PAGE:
October 2001

Terror On Our Shores

I am still shocked at the images on the television. Terrorists hijacked four airplanes today, September 11, 2001, and crashed two of them into the World Trade Center buildings in Manhattan, and a third into the Pentagon in Washington, D.C. A fourth plane went down in western Pennsylvania. Its target, or even if it was part of this coordinated attack, is unknown as I write this.

Certainly we are all saddened by the human toll these attacks have wrought. Public officials in New York City and in Washington wonít even hazard a guess yet. However, at the minimum several hundred died on the planes themselves and scores, likely thousands, perhaps tens of thousands, died in the explosions, fires, and collapse of the WTC towers. The families and friends of these victims have our condolences.

Beyond the immediate loss of life, Americans will likely lose a lot more. Up until today, we have been lucky that foreign terrorism hasnít visited our shores. Now itís here, and we are forever changed by it. In fact, I felt the change happen.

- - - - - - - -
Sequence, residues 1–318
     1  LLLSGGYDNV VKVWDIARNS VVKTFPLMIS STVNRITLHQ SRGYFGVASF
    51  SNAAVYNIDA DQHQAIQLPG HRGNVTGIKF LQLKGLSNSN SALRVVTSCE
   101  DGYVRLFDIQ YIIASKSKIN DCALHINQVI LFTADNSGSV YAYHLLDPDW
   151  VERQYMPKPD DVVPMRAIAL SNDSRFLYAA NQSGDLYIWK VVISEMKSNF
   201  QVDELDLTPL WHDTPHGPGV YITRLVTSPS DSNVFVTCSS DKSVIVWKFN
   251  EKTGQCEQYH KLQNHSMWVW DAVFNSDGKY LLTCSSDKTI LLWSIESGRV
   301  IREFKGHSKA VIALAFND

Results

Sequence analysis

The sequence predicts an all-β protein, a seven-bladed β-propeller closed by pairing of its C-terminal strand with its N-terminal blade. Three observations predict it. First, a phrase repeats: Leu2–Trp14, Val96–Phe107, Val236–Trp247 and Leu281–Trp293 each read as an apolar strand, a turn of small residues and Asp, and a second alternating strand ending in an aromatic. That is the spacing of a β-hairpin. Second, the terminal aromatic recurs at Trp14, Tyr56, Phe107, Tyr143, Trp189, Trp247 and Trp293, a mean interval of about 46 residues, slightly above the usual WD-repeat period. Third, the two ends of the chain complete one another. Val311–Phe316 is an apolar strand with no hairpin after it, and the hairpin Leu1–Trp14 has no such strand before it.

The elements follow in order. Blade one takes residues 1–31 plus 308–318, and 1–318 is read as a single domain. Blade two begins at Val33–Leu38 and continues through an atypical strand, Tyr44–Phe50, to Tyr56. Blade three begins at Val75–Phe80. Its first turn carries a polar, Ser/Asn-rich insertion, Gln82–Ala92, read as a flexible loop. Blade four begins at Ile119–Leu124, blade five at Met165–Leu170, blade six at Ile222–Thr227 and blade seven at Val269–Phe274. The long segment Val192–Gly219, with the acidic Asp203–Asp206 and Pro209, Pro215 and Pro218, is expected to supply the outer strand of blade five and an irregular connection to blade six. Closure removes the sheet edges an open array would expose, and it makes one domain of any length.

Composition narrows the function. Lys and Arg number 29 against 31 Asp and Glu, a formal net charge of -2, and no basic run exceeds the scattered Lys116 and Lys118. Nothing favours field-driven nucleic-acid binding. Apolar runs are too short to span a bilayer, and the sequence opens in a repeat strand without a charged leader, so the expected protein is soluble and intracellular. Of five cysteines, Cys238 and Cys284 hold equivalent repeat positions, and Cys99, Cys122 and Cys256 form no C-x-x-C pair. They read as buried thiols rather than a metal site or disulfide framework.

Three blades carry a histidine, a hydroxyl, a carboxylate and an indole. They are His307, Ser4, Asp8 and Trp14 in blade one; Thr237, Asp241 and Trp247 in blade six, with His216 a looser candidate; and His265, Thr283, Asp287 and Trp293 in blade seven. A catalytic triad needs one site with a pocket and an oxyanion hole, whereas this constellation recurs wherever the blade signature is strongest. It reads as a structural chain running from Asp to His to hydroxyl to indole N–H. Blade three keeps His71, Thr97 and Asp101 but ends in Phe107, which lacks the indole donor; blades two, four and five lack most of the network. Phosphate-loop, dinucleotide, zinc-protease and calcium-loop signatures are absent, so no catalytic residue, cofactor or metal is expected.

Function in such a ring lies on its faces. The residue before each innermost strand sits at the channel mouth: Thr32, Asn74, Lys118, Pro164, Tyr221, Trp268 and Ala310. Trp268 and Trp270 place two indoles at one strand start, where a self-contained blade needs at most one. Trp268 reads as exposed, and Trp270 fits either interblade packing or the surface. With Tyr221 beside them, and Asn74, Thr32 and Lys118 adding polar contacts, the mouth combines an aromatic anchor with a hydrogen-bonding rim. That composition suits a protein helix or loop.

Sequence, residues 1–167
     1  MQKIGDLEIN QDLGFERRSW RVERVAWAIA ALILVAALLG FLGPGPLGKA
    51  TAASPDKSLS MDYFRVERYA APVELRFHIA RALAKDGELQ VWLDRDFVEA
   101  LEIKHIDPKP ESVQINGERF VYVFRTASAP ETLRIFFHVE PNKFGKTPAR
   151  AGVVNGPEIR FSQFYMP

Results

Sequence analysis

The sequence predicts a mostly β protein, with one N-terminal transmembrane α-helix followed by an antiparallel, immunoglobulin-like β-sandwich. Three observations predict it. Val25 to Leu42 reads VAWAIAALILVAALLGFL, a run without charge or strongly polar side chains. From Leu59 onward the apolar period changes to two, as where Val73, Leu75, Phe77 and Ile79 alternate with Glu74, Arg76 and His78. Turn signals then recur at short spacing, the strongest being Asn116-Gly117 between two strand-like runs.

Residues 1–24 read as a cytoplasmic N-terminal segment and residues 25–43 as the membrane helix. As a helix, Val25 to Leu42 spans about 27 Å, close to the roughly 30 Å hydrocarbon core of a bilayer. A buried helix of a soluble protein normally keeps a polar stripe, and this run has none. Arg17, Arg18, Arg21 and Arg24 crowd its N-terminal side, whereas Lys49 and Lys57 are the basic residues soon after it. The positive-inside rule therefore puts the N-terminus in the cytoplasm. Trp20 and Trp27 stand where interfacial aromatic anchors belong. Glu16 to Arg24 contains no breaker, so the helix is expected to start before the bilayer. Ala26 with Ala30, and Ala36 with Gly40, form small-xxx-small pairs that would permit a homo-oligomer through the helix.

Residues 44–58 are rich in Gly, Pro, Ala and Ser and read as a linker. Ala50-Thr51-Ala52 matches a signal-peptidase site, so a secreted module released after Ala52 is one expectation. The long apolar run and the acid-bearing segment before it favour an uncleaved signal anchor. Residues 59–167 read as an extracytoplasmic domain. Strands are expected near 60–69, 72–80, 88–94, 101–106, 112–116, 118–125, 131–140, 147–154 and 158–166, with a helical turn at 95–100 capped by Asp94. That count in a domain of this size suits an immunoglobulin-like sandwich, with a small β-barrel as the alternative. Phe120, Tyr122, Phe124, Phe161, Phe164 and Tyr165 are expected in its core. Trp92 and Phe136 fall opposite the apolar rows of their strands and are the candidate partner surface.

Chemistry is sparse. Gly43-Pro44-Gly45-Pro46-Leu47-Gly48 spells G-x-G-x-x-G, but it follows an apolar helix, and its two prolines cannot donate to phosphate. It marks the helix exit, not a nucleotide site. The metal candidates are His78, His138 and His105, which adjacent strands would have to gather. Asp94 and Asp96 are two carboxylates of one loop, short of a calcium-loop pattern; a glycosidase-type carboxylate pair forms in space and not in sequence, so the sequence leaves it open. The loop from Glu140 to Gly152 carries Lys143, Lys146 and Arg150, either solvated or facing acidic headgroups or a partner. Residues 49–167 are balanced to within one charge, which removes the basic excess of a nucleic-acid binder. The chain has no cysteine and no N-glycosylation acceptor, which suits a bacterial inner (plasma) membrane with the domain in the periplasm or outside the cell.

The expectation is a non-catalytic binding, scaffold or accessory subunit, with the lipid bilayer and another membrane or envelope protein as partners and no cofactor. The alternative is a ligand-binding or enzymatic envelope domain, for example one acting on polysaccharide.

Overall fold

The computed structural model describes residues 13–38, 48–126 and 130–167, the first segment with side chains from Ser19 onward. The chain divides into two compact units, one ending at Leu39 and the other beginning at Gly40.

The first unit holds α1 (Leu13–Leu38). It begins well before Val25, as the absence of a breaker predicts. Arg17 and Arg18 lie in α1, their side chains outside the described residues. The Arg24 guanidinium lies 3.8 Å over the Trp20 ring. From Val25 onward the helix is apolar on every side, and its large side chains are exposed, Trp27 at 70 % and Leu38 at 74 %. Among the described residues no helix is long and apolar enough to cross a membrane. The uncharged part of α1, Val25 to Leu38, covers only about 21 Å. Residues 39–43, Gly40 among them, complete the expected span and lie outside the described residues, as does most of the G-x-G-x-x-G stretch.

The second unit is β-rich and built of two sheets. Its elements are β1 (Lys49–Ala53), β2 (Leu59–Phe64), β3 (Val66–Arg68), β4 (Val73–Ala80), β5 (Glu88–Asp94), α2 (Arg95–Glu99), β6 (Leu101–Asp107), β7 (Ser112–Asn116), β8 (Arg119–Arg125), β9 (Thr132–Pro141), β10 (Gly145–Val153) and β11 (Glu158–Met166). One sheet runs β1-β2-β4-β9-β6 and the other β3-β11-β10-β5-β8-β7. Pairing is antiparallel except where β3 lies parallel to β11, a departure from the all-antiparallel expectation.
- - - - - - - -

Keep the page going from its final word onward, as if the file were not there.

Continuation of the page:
I was in a local high school, having just released a group of young air rifle shooters from an early morning practice. We all watched CNN in disbelief as smoke poured from the 1 and 2 WTC buildings, and in the five minutes it took me to drive home, the 1 tower had collapsed. The second tower followed shortly thereafter. The Pentagon burned well into the afternoon.

As I turned to leave the JROTC offices in the high school, I saw the shocked expressions on the teenagersí faces. Suddenly, their worlds had changed. Their drilling and shooting activities, they immediately understood, have real-world applications and implications. I looked at one fellow, a 17-year-old, and remembered he was already old enough to enlist in the armed forces. Depending on how things sort out over the next few months, he could be fighting in Desert Storm II, or wherever this conflagration takes us.

Part of what we lost in just those few minutes was a naivete about where the United States stands in the world. There are very few countries outside our own that value freedom and individual rights. There are groups who want nothing more than for the yankees to be driven back to these shores, because they hate and fear our individual ability to live without oppressive religious, legal, or social strictures. We threaten them because of who we are, not necessarily what weíve done.

I think they will find us to be a formidable foe, mainly because we have something great to fight for.

-Todd Woodard